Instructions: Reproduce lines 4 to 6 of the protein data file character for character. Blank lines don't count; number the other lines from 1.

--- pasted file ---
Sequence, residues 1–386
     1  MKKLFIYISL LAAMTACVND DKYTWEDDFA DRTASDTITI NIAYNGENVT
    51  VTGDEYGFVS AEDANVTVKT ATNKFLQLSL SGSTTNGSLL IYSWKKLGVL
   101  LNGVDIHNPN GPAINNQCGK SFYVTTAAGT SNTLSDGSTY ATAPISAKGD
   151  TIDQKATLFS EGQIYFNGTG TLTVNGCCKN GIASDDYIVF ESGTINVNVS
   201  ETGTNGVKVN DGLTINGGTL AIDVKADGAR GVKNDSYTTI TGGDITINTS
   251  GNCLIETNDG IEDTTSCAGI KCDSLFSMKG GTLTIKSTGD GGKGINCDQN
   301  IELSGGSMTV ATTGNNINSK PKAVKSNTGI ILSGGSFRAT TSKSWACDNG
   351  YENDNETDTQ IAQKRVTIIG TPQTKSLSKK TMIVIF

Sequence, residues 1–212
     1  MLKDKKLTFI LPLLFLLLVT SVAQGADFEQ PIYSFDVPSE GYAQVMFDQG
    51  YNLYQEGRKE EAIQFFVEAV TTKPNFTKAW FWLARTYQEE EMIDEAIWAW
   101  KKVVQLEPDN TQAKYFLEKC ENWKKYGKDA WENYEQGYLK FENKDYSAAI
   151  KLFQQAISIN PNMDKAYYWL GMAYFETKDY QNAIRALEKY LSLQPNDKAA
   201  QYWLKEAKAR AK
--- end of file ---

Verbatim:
   101  LNGVDIHNPN GPAINNQCGK SFYVTTAAGT SNTLSDGSTY ATAPISAKGD
   151  TIDQKATLFS EGQIYFNGTG TLTVNGCCKN GIASDDYIVF ESGTINVNVS
   201  ETGTNGVKVN DGLTINGGTL AIDVKADGAR GVKNDSYTTI TGGDITINTS